In an earlier posting, I noted how influential women are in the American economy. For example:
Women make more than 80 percent of all consumer buying decisions, and 70 percent of all small-business startups in the past 15 years have been led by women.
It’s obvious that marketing to moms is vital. So, are big-time marketers listening?
Well, consider McDonald’s, which changed its menu and its interiors to attract more moms, and Unilever, whose “Real Beauty” campaign for Dove soap showcased real women instead of models.
Moms are the power spenders. They control 85-90% of all household spending. And their spending habits will dictate the end of the recession.
According to a BSM Media Study, household spending is projected to be $3 trillion in 2012, up from $2.1 million today.
In addition to controlling the spending, the majority of these household CEOs also work, providing much of the household income. From 1965 to 2000, the percent of working women with children under 18 grew from 45% to 78%.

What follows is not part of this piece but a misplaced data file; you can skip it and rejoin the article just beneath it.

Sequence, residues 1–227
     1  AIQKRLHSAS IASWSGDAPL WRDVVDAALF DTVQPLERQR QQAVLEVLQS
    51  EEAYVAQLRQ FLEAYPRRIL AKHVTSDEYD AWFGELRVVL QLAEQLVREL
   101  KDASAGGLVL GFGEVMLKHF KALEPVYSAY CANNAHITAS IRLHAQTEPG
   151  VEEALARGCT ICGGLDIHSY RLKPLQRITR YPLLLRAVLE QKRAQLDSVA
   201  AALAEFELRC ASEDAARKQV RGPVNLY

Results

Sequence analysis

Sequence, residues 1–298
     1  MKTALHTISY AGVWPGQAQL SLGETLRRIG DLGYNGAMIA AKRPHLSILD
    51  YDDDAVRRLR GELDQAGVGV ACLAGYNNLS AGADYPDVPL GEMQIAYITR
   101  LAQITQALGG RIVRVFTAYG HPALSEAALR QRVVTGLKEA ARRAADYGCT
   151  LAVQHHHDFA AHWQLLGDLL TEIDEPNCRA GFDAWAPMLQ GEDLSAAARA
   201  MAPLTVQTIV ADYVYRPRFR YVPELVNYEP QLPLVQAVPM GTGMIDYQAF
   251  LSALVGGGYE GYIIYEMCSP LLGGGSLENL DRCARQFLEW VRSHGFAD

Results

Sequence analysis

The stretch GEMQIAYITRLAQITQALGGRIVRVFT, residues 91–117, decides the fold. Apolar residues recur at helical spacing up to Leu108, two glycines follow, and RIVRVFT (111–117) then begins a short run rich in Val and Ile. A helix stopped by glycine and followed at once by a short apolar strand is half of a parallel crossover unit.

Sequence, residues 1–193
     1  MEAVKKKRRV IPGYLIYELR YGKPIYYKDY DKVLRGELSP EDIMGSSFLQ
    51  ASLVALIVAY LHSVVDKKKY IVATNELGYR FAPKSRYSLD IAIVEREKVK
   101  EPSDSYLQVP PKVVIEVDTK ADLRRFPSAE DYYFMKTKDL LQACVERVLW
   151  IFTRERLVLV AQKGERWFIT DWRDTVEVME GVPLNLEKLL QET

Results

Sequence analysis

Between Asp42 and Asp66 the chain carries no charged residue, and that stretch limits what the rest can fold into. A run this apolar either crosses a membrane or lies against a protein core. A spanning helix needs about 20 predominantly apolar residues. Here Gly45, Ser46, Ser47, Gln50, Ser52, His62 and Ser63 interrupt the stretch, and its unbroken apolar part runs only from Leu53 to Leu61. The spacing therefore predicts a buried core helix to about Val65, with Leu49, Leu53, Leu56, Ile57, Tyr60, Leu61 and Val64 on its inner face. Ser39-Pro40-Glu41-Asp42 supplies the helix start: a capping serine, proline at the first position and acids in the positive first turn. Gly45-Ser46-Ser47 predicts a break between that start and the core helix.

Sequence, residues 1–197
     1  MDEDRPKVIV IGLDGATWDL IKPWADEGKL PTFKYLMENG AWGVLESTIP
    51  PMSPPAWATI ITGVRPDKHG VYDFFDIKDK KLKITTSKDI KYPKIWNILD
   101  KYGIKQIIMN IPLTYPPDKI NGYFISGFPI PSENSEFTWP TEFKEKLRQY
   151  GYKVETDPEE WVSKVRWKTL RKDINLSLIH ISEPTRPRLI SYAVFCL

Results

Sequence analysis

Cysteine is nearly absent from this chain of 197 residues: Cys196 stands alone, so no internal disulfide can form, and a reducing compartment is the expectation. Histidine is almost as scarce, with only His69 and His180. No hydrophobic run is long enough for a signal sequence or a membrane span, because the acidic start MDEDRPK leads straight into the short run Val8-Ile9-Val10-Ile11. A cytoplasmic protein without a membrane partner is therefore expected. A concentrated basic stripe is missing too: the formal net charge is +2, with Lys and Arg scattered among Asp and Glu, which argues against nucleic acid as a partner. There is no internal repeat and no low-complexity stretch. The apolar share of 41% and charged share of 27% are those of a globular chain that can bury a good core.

How the thrift economy is affecting Mom purchases -
For the present, Moms are protecting the household budget.
Remember that opening line from the once omnipresent door-to-door vacuum cleaner salesman? Today the “power of the purse” is more significant than ever before as brands try to market to moms. Want proof? Try these facts on for size.
Women make more than 80 percent of all consumer buying decisions—and not just personal, home or family-centered purchases.